1. Deal directly with those involved
I don't mean you should approach the rumor mongers. That can only spell disaster. But if rumors about you involve another individual, then the two of you should have a conversation. Way back in high school, the president and I had a nice chat where she flat out asked if I had said the things being spread about. I said no, and we talked about how stupid rumors are. While it didn't stop the rumor from being spread, it did make sure that our relationship wouldn't be a casualty. So speak directly and privately with any individual directly indicated in the rumor.

2. Turn the rest of it off
Seriously. Do Not Engage! If someone is constantly tweeting at you or tagging you in posts, block them. Do not respond. Do not defend. Do not explain. The rumor mongers and instigators of the world are like gremlins, all sweet and innocent on the surface. But engaging them is akin to feeding them after midnight and pouring water on them. They will multiply and turn nasty. I know it's tempting. I realize it can seem physically painful to not defend yourself, but you have to resist, or risk dragging the whole thing out even longer.

3. Calm your tribe
Almost as bad as when the author goes on the offense, is when their tribe circles round and pulls out their claws. I've seen situation where the defending party becomes just as petty and vindictive as the original attacker. It's not pretty and no one walks away the winner. Obviously, you can't control all the people who know and love you, but asking those people to join you in ignoring the haters is the high road you need to be on.

At the end of the day, most of this probably won't matter. Maybe it hurts your stats for a bit, but people have pretty short memories for drama. While there have been cases of a bully refusing to let an author be, most of the time, this sort of thing blows over before you know it.

As authors and people, we cannot control the actions of others. We can't stop rumors and we can't prevent people from saying what they want about us, even if it's not true. What we can control is our own response. We can control how we let other people impact us. We can control how much power we give to someone else's words.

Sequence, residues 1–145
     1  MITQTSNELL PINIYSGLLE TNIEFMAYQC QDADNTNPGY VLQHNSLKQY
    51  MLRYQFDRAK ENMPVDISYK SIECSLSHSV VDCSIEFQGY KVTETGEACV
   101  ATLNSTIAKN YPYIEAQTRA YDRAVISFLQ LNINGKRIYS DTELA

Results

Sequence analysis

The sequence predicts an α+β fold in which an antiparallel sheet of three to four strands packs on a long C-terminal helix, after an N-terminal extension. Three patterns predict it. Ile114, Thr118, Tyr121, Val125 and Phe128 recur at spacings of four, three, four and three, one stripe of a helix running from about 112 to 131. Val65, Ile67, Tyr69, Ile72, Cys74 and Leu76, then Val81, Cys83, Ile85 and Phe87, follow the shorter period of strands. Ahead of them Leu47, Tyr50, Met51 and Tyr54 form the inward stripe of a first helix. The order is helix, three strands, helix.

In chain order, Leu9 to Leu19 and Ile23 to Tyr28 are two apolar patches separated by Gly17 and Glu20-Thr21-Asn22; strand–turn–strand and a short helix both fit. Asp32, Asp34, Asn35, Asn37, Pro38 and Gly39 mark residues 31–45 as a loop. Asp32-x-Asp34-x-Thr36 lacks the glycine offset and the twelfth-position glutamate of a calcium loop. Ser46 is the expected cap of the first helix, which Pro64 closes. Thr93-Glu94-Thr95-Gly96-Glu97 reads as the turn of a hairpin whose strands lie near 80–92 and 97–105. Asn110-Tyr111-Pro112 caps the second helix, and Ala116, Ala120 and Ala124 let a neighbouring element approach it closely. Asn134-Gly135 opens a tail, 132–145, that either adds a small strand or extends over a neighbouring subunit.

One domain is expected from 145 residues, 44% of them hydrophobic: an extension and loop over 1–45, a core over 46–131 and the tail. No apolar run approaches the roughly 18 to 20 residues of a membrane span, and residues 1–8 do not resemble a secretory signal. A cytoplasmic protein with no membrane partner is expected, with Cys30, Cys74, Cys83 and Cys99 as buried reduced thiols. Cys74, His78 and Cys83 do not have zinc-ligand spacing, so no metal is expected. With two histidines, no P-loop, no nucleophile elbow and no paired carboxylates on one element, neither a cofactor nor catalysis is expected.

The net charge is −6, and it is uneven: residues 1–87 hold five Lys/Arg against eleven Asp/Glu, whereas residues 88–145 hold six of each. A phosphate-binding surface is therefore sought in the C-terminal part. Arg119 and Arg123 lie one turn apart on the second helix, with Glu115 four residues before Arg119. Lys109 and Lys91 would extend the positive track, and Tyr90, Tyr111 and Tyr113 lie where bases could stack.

So don't throw sand and take turns on the swings, and we'll all get along just fine.

Agency Lessons: Rule following isn't just for queries

Agency Lessons is a weekly post that gives authors and readers an inside look into the mind of a literary agent and a peek behind the curtain of how books are made.

So, now that I've got an official release date for Rite of Redemption, I've fired up the old marketing machine again. For me, this means I've spent a lot of time this weekend staring at submission guidelines for bloggers.

I couldn't help but notice that on so many of these blogs, the lovely blogger will list very specific information they need along with very clear directions with how to contact them. It couldn't be more obvious what they are looking for. And yet, a scroll down the page to the comments section reveals multiple authors all trying to pitch their newest book for review. Right there. Where they were told not to do that.

Which got me thinking about the submission process for querying authors. Honestly, the two processes are very similar.